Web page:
In September, the presidents of the 23 California state universities are scheduled to accept one of several precedent-setting contract offers being prepared by rival consortiums led by IBM Corp. of Armonk, N.Y., Ericsson Inc. of Richardson, Texas, and GTE Corp. of Stamford, Conn. The contract's first phase is worth $400 million; later stages would provide more lucrative opportunities for the bidders.
Industry officials are scheduled to present their offers Aug. 20 to the university presidents for the Joint Venture Partnership Project, which may ultimately allow the companies to sell a wide range of products and services to the 23 universities, 109 community colleges and almost 2 million students.
The project is "both an offensive and a defensive strategy for us," said Molly Broad, an executive vice chancellor at the California State University System in Sacramento, Calif. It will help universities boost efficiency and fend off a potential industry-led takeover of the education business, while allowing the universities to sell their education skills to the world via the Internet, she said.
"It is a very significant contract ... expected to range anywhere from $400 million to a billion dollars over several years," said Bill Kula, an Irving, Texas-based spokesman for GTE Corp.
However, "there are a zillion things that could stop this deal," including opposition from the state legislature or complaints by a losing bidder, said Broad, who will soon take over South Carolina's state university system.
Under the project, the 23 California universities would buy roughly $400 million of new wiring in exchange for a mix of cash and an excellent opportunity to sell computers, software, training services and Internet access to the states' 23 universities and 109 community colleges.
The winning consortium also would get an opportunity to sell its brand name and products, as well as ancillary services such as online banking, to the universities' 350,000 university students and to the equivalent of 1.5 million students at the state's 109 community colleges.
The impending contract reflects increased worry among state-funded and state-controlled universities about the growing role of the information technology industry, led by such giants as Microsoft Corp. of Redmond, Wash., and Oracle Corp. of Redwood Shores, Calif., university officials say.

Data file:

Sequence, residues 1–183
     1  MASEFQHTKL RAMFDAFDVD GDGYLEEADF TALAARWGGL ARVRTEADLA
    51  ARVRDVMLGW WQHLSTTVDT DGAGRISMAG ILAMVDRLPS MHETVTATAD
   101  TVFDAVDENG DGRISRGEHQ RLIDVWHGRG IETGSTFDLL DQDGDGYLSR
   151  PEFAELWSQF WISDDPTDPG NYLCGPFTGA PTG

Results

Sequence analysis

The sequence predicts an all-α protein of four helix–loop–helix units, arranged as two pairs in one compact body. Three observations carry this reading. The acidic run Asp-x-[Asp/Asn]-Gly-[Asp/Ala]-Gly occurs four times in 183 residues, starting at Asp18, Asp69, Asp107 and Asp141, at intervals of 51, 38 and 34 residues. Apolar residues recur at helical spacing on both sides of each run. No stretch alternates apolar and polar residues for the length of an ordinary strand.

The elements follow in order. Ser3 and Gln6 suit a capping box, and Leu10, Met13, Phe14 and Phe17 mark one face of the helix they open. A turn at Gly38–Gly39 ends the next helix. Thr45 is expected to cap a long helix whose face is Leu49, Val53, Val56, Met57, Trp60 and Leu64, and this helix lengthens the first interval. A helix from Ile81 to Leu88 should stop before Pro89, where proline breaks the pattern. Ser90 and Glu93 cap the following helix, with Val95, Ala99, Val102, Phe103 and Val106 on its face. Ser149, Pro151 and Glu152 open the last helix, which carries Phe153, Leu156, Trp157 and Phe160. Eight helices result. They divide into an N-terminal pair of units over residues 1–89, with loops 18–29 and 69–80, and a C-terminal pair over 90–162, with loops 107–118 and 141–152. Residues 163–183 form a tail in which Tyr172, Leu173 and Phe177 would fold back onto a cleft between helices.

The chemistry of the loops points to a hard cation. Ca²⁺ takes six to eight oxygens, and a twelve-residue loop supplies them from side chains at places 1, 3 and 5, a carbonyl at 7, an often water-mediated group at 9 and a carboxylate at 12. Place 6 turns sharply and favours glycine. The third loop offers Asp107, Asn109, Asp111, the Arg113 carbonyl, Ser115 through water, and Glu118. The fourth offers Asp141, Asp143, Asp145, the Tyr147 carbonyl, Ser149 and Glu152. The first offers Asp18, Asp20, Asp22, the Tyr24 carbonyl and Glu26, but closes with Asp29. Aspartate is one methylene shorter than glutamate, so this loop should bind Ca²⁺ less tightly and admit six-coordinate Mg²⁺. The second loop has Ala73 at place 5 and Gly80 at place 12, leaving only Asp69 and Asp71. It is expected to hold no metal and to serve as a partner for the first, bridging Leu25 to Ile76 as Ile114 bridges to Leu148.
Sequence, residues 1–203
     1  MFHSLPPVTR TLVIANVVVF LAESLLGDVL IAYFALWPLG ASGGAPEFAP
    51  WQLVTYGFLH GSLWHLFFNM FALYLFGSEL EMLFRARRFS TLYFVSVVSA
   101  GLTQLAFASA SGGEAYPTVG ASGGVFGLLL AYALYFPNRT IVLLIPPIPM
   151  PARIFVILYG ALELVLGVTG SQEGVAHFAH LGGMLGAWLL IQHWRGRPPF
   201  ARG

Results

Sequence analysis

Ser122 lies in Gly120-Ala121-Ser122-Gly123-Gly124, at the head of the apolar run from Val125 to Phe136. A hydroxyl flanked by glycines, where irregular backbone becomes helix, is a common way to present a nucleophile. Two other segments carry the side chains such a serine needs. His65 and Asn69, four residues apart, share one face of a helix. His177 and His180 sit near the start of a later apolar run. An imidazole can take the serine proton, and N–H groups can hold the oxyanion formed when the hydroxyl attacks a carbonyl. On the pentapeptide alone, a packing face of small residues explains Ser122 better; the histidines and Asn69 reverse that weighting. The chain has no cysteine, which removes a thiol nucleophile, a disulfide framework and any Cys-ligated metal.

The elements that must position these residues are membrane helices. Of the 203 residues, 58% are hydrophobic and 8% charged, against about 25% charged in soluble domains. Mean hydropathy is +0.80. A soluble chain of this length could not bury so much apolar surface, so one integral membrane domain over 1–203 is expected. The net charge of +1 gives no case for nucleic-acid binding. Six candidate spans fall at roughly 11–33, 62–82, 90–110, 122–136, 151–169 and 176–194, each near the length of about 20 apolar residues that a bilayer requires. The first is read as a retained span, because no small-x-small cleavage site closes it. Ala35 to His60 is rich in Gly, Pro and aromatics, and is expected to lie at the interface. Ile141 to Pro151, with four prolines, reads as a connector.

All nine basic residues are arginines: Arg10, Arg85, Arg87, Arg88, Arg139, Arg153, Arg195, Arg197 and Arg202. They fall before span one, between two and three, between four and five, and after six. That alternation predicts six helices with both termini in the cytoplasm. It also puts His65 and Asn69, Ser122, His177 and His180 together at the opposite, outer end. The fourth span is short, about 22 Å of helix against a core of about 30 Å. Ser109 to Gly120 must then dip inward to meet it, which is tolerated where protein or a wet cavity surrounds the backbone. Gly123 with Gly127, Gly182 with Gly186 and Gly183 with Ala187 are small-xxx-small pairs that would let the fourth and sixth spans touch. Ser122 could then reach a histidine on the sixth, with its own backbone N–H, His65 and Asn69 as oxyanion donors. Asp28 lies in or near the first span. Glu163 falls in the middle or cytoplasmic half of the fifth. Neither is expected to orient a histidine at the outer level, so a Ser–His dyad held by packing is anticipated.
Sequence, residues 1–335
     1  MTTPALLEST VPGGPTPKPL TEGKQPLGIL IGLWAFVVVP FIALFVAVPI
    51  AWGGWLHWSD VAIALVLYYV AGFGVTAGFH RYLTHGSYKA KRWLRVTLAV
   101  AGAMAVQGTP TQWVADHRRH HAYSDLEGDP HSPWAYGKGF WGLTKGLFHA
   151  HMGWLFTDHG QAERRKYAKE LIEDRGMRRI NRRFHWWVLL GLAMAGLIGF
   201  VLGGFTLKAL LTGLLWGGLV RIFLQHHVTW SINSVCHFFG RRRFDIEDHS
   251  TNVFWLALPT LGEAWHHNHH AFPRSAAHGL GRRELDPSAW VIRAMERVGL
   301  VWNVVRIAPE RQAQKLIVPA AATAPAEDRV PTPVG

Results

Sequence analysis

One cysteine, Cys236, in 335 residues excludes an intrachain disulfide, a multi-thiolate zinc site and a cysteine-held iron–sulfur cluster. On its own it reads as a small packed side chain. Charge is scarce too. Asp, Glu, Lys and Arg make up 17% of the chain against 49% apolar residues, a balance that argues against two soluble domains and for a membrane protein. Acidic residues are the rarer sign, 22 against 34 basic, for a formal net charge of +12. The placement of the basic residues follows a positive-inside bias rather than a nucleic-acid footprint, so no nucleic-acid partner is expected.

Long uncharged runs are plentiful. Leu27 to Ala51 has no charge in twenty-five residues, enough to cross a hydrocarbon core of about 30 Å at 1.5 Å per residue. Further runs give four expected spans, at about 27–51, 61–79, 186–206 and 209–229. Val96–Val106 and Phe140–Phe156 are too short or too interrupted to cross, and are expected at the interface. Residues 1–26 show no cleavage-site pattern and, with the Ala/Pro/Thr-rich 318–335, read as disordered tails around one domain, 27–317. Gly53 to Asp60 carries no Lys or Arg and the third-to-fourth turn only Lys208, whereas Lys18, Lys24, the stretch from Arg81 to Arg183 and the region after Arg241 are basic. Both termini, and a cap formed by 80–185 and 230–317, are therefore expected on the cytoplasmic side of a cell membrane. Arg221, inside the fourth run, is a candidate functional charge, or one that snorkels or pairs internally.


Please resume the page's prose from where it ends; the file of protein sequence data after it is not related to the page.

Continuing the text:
These companies represent "the monster under the bed," say top university leaders, that could use their expertise to dominate the electronic delivery of information-age education services including university lectures and professional training.
The U.S. banking industry has voiced the same fears, and is spending heavily in research labs and in Congress to develop the technology and pass the legislation needed to offer high-tech banking services, including encrypted online banking. One of the key players in this effort is IBM, which allied with 16 banks in September to form Integrion Financial Network LLC in Atlanta, Ga. The 16 banks claim to have roughly 50 percent of the retail banking business.
State university leaders also worry that prospective students will reject them in favor of private universities that offer more advanced technology.
Many state-run universities are trying to invest heavily in information technology, become more efficient and cooperate with local businesses. This trend will force some painful changes at universities, likely closing many smaller education programs and soon ending the centuries-old tradition of academic tenure, say university administrators.
"The key to the whole deal is if the schools want to be competitive with private schools," Kula said. "CSU has come to these [consortiums] saying, 'We would welcome your help in building our communications infrastructure. ... to allow us to have cutting-edge advantages that will sway prospective students to come to our schools as opposed to private schools.'''
But California officials also want to ace out universities located in other states, partly to attract out-of-state students and partly to offer online education services to out-of-state students and to businesses' employees from Portland, Ore., to Tampa, Fla., to Beijing, China. California officials also are trying to raise their revenues, following years of cutbacks in state funding.
Politicians and university officials in other states, including Michigan and New York, are exploring ways to link their universities and high-tech companies. However, California officials are confident that they are in the lead, partly because the state universities usually need approval from the state government for any major deal.
"It would be very hard for anyone to catch up" with California's effort, said John Welty, president of California State University at Fresno. Also, California's Gov. Pete Wilson "is ideologically completely aligned with using the private sector," and has given California universities the freedom to work out a deal with the information technology companies, Broad said.
Reflecting the competition between states, Wilson has refused to participate in the online university project being pushed by the Western Governors Association. Instead, Wilson is instead trying to create a California Virtual University, which will consist of a Web page and aggressive marketing to help California's universities recruit online students worldwide, said Joe Rodota, Wilson's deputy chief of staff. The state's universities are already working with book publishers and cable TV companies to deliver some online education services.
In the race for the forthcoming contract, GTE has allied with Microsoft Corp., Fujitsu Network Communications Inc. of Richardson, Texas, and Hughes Electronics Corp. of Los Angeles. IBM has allied with Lucent Technologies Inc. of Murray Hill, N.J., AT&T of Basking Ridge, N.J., and Pacific Bell, while Ericsson has allied with Sun Microsystems Inc. of Mountain View, Calif., and Oracle.